June is Pride month! For nearly 40 years, the San Francisco Bay Area has been home to one of the largest Pride celebrations in the world, which includes a month-long series of events and programs and culminates with the annual Pride parade.
We have many reasons to celebrate our pride this year as many states across the nation continue to recognize the importance of marriage equality for same-sex couples. At the same time, the passage of Proposition 8 in California shows us that we must redouble our outreach and educational efforts as we work to achieve full equality in the Golden State.
The celebration of Pride gives us an opportunity to highlight our community’s diversity and support civil liberties for all people. It is also a good time to appreciate the hard work of the pioneering advocates who came before us and courageously fought for lesbian, gay, bisexual and transgender (LGBT) people to be treated with dignity and respect. It’s a fight we continue today.
The origins of Pride date back to the last weekend of June 1969. The Civil Rights movement had been in full swing for at least a decade. The Second Wave of the Women’s Rights Movement was taking root. Protests against the Vietnam War were growing, and Robert F. Kennedy and Martin Luther King, Jr. had been assassinated a year prior. Within this social and political context, another movement was about to emerge.
On June 27, 1969, police raided a popular gay bar, the Stonewall Inn, in New York City’s Greenwich Village. Law enforcement officers claimed the raids were used to enforce liquor laws, but these laws were being selectively used against establishments that catered to LGBT people.
Before the Stonewall Inn incident, most patrons did not protest police raids for fear of being publicly exposed as gay or lesbian. The names of people who were arrested in raids would often be printed in the newspaper the next day as part of a social campaign to intimidate, threaten, and shame LGBT people. This fear only gave the police greater power to physically abuse, arrest, and scare people without resistance.
But on this June night in 1969, the patrons of the Stonewall Inn fought back. Street riots ensued on three subsequent nights, giving birth to a movement that prompted thousands of LGBT people to “come out of the closet” and proudly proclaim their identity.
In June of 1970, San Francisco held its first Pride parade in commemoration of the Stonewall riots, and that tradition continues today.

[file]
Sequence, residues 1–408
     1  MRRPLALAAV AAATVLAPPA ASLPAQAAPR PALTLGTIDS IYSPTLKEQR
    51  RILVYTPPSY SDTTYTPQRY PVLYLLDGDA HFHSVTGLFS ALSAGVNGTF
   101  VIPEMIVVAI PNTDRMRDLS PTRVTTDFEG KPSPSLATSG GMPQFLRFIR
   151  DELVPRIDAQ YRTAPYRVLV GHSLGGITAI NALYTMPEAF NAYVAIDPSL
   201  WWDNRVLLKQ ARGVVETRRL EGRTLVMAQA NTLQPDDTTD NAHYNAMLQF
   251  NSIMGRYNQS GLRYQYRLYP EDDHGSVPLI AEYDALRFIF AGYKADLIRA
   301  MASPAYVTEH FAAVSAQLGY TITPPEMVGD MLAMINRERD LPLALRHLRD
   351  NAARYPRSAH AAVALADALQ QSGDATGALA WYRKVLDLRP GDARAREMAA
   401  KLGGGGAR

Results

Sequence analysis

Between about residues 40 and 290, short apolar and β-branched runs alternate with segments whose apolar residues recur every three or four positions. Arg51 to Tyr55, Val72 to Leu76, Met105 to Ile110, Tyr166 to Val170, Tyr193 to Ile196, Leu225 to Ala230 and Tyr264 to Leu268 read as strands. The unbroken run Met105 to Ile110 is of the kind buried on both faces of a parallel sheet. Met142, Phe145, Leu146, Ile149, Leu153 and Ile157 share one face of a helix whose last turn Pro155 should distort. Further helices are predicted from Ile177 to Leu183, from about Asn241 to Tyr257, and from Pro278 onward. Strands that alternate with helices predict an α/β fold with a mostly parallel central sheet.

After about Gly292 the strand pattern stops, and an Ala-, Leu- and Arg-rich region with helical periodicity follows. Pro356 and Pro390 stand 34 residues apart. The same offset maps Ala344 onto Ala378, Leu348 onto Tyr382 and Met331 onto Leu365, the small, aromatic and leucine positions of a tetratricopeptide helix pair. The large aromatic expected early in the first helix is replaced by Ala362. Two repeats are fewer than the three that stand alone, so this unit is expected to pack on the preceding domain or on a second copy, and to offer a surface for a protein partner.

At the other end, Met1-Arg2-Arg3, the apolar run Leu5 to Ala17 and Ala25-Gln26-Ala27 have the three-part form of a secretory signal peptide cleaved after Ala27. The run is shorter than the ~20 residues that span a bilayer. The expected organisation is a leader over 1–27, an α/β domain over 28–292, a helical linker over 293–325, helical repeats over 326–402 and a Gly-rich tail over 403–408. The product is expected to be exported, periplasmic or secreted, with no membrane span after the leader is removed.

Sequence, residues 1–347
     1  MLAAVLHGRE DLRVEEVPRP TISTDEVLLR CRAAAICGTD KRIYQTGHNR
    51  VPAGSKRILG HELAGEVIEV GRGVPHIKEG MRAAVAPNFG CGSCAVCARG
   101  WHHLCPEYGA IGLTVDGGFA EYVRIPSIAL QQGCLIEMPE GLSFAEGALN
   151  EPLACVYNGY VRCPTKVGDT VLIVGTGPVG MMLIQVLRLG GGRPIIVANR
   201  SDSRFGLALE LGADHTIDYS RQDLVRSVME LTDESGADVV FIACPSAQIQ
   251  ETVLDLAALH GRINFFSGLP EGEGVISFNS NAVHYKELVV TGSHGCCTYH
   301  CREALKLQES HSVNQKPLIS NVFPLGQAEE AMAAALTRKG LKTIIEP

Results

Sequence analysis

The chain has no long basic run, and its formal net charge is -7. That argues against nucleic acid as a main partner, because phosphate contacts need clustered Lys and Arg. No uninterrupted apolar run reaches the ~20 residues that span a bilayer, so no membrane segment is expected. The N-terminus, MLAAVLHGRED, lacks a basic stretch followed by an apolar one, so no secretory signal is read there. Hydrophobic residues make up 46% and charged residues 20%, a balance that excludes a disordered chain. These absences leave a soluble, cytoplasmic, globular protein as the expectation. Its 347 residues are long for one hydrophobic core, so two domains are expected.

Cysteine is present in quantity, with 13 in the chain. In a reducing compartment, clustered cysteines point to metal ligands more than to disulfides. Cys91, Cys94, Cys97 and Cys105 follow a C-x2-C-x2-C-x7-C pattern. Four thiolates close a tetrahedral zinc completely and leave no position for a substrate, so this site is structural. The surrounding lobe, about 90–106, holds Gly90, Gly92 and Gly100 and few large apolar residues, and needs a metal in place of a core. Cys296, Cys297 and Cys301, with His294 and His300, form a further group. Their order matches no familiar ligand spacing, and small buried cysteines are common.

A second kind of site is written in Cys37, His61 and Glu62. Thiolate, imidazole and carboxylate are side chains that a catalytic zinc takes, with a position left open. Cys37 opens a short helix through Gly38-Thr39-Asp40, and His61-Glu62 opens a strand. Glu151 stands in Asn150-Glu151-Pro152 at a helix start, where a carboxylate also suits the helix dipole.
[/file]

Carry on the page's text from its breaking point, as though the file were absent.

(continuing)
While many Pride parades in past 39 years have held special significance, 1977’s parade was particularly historic. That year, San Francisco City Supervisor Harvey Milk rode down Market Street – a memory that many LGBT people still cherish. Harvey was the first openly gay person elected to public office in California. He served on the San Francisco Board of Supervisors until he was tragically assassinated in 1978.
During his short political career, Harvey fought for social change and championed many issues, including access to education, affordable public transportation, low-income housing and civil rights. His fundamental belief that all people should be treated equally paved the way for the populist movement he pioneered for LGBT rights and his legacy continues to inspire the community to this day. In honor of Harvey, I have proudly authored Senate Bill 572, which creates Harvey Milk Day in California.
To learn more about the contributions of LGBT people and the community’s rich and vibrant history, visit the GLBT Historical Society at 657 Mission St. or view their special exhibit on Harvey Milk at 499 Castro St.. The Society’s galleries, archival materials and programs illustrate the LGBT experience. For information, go to the website at www.glbthistory.org or call (415) 777-5455. To find out more about this year’s Pride events, contact San Francisco Pride at (415) 864-0831 or www.sfpride.org.
If you are interested in marching with my contingent at this year’s Pride parade on Sunday, June 28, please contact my San Francisco District Office at (415) 557-1300 or San Rafael District Office at (415) 479-6612. You can also reach us at www.sen.ca.gov/Leno, or email me directly at Senator.Leno@sen.ca.gov.